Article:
Here in the west ★★★★½
Nancy (Genevieve Lemon) stands in front of her bedroom mirror, smoking, choosing a lipstick and hair accessory, and preparing to go out. But when a car pulls up and a young girl hurriedly drops her at her front door, she has to change her plans. Nancy forgot to cancel her childcare. She’s still on her way, but now she has young Amirah (Mia-Lore Bayeh) in tow. Carrying her pet spider in a jar, Amirah, a Lebanese migrant who speaks no English, is a wary observer who keeps her thoughts to herself, although they are revealed to viewers via subtitles.
Written by Nisrine Amine and directed by Lucy Gaffy, We the spiders is the first of the eight loosely connected stories that make up Here in the westa carefully curated portmanteau film skillfully written by eight writers (Amine, Arka Das, Bina Bhattacharya, Matias Bolla, Claire Cao, Dee Dogan, Vonne Patiag and Tien Tran) and fluently directed by Gaffy, Ana Kokkinos, Leah Purcell , Fadia Abboud and Julie Kalceff.
Nancy’s destination, the local hospital in Sydney’s inner west where her daughter has just given birth, becomes a key place where many of her racially diverse characters cross paths. And an impulsive action by the new grandmother becomes a springboard for subsequent events.
Nothing goes smoothly for the characters in Here in the west. All plans get messed up and they have to find ways to adjust. The beautifully assembled telemovie blossoms into a living mosaic of stories about people under pressure and seamlessly brings together a broad cross-section of migrant communities. Moreover, it does so without waving a smug flag for its display of diversity. This shows it astutely but not overtly, it is the melting pot that is Sydney’s west.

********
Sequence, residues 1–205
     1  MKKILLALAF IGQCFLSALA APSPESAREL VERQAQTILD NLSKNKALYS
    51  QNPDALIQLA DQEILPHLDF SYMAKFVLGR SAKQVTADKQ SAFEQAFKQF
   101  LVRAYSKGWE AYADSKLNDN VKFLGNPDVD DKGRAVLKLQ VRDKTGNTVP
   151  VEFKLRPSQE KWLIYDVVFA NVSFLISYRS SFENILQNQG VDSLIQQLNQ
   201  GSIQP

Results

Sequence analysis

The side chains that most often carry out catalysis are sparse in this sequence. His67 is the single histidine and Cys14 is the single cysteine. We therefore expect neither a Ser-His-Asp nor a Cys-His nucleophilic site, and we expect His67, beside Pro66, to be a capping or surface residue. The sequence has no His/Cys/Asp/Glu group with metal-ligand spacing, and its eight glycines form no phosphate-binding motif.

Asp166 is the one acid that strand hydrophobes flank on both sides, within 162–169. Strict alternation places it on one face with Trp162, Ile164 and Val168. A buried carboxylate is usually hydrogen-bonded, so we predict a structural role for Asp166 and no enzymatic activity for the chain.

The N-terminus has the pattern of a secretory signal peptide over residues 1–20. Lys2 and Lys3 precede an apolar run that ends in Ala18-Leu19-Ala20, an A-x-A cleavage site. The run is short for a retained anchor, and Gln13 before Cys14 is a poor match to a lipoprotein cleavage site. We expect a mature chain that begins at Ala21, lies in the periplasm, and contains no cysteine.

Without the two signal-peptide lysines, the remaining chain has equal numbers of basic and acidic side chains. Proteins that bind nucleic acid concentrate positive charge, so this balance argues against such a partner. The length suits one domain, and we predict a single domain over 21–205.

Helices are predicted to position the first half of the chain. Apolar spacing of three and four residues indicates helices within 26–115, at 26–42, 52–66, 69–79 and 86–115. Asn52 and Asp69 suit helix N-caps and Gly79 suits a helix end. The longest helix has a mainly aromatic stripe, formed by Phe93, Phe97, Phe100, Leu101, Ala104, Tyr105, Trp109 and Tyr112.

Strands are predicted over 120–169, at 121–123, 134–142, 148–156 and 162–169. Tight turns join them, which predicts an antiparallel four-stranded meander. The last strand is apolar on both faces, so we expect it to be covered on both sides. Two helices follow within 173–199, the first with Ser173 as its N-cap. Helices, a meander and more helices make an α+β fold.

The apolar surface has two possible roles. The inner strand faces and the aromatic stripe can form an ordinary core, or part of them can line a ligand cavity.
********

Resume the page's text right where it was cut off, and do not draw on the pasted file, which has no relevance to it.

There are parents who have been separated from their children or argue with them. There are children who struggle with or rebel against expectations. There are migrants who strive to honor the traditions of their home countries while struggling to adjust to the realities of a recently adopted country: trying to find work, meeting employer demands, keeping their businesses afloat to cope with health problems.
All sorts of compromises are seen as necessary to make ends meet. There is stress and tension everywhere, and in such an environment small gestures of kindness take on great importance. Events unfold in unpredictable ways and nothing is overdone. The drama is gripping without ever descending into sentimentality.
Two of the standout stories – and there are no duds – are The Eternal Dance and The musician. The first, written by Bhattacharya and directed by Kokkinos, sees Ashmita (Leah Vandenberg) rushing to visit her father in the hospital while her mother sits nervously at his bedside. She storms in worried, carrying his favorite candy, and promptly snaps at a curt, overworked nurse (Anita Hegh).
https://www.smh.com.au/culture/tv-and-radio/here-out-west-is-a-vibrant-portrait-of-sydney-s-immigrant-communities-20220805-p5b7ng.html?ref=rss&utm_medium=rss&utm_source=rss_culture Many highlights in a vivid portrait of Sydney’s inner west